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Excel Productions, Alleppey Vs. the Commissioner of Income-tax, Kerala, Ernakulam - Court Judgment

LegalCrystal Citation
SubjectDirect Taxation
CourtKerala High Court
Decided On
Case NumberI.T.R. No. 41 of 1968
Judge
Reported inAIR1971Ker185; [1971]80ITR356(Ker)
ActsIncome Tax Act, 1961 - Sections 187, 187(2) and 188
AppellantExcel Productions, Alleppey
RespondentThe Commissioner of Income-tax, Kerala, Ernakulam
Appellant Advocate K.V.R. Shenoi,; P.K. Kurian,; V. Desikan,;
Respondent Advocate P.K. Krishnakutty Menon, Adv.
Cases ReferredMysore v. Bharat Engineering and Construction Co.
Excerpt:
direct taxation - assessment - sections 187, 187(2) and 188 of income tax act, 1961 - whether only single assessment be made on firm for assessment year 1963-64 in regard to its income of whole period for 01.01.1962 to 31.12.1962 when there was change in constitution of firm during said period - in 1962 there was addition of 4 minor partners - 5 original partners continued - shares of original partners in firm also altered to give shares to partners newly brought in - such change in constitution covered under section 187 (2) (a) - assessment be made under section 187 and not section 188 - assessment made on firm as constituted at time of making assessment - held, only single assessment be made on firm for assessment year 1963-64. - .....reports is:'in other words, if it is found that a change has occurred in the constitution of the firm, assessment will have to be made on the firm as constituted at the time of making the assessment and not on the firm that was in existence earlier. from this it follows, for the purpose of assessment, every change in the constitution of a firm brings into existence a new firm.'the argument of the counsel of the assessee is that this observation indicates that the firm whose constitution has been changed is a new firm for the purpose of assessment.4. the counsel of the revenue has suggested that this observation of hegde j., might probably be erroneous and might not also be essential for the decision of the question involved in the case before the learned judges. we do not propose to go.....
Judgment:

Raghavan, J.

1. The question involved in this reference lies within a narrow compass, though the counsel on both sides have told us that there is no precedent on the question.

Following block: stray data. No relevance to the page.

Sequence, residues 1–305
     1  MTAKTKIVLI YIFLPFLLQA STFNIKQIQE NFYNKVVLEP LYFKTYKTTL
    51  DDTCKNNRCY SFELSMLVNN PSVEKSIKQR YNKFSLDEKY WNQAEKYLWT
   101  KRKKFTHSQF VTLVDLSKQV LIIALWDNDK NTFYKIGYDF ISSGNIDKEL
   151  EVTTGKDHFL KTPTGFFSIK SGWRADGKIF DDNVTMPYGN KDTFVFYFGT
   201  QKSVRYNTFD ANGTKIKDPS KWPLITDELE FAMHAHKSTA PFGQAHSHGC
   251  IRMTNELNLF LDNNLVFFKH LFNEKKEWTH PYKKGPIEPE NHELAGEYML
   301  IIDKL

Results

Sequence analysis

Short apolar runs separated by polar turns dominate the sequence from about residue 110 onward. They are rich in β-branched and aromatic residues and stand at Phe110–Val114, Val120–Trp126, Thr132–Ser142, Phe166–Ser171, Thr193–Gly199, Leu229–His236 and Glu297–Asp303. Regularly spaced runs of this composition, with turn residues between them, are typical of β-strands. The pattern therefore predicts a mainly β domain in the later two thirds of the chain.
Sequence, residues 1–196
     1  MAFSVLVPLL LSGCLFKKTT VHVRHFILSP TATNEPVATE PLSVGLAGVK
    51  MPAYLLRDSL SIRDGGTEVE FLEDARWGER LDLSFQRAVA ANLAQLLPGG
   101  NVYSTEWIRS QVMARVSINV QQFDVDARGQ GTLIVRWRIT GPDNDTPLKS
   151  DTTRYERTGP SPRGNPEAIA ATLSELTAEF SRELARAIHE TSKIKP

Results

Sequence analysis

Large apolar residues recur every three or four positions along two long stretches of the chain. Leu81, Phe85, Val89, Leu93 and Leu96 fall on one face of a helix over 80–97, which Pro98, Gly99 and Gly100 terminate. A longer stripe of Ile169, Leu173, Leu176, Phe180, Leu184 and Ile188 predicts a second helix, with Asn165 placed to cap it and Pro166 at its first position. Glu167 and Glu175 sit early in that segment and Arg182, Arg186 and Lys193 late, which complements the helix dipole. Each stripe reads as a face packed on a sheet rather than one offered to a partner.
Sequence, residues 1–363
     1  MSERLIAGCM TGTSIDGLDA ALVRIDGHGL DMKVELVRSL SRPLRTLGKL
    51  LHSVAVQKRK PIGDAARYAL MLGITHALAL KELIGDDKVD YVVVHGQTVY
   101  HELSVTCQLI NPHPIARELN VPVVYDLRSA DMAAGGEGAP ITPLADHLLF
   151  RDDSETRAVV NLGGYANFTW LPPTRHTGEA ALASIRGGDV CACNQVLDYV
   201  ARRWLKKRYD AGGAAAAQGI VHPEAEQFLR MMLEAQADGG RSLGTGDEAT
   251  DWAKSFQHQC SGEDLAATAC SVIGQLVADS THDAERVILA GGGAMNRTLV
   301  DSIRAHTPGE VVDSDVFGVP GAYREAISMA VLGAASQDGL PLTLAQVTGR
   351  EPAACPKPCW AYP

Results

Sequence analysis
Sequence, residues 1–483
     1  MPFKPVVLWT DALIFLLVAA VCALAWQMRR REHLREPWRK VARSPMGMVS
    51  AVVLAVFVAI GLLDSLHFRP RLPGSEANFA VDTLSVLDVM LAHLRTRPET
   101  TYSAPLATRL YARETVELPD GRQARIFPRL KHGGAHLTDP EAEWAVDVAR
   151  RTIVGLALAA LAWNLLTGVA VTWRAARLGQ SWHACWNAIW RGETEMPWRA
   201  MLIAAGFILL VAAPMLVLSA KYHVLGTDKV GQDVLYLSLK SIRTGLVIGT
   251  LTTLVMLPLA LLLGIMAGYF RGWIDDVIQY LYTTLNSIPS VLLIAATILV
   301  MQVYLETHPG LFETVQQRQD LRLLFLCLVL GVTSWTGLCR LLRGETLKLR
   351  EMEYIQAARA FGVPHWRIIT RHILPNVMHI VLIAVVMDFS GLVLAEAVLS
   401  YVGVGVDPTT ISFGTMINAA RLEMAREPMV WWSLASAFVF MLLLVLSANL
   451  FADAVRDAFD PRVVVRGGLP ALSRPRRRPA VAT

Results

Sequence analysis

2. The assessee is a registered partnership firm, originally registered on 20th October 1952 with five partners. The managing partner had a third share in the partnership and the remaining four partners had equal shares in the remaining two-thirds. On 29th May 1962, the constitution of the firm was changed by taking four minors also as partners. The five original partners took 14 per cent. each as their shares and the remaining 30 per cent, was distributed equally among the four minors. The reconstitution was to take effect from 1st June 1962, though the accounts of the firm as constituted originally continued till 30th June. In other words, for the first half year, the firm as constituted originally continued and for the second half year, the firm as reconstituted was treated as another firm. The Income-tax Officer assessed the two periods separately; but the Commissioner of Income-tax felt that such separate assessment for the two periods was erroneous and prejudicial to the Revenue. Therefore, he directed the Income-tax Officer to re-do the assessment for the whole year in one assessment. The Income-tax Officer did so; and the action of the Income-tax Officer was confirmed in appeal by the Appellate Tribunal. Subsequently, at the instance of the assessee, the following question has been referred to this Court:

'Whether, on the facts and in the circumstances of the case, the Appellate Tribunal was right in law in holding that only a single assessment could be made on the firm of M/s. Excel Productions, for the assessment year 1963-64, in regard to its income of the whole period 1-1-1962 to 31-12-1962, when there was a change in the constitution of the firm during the said period.'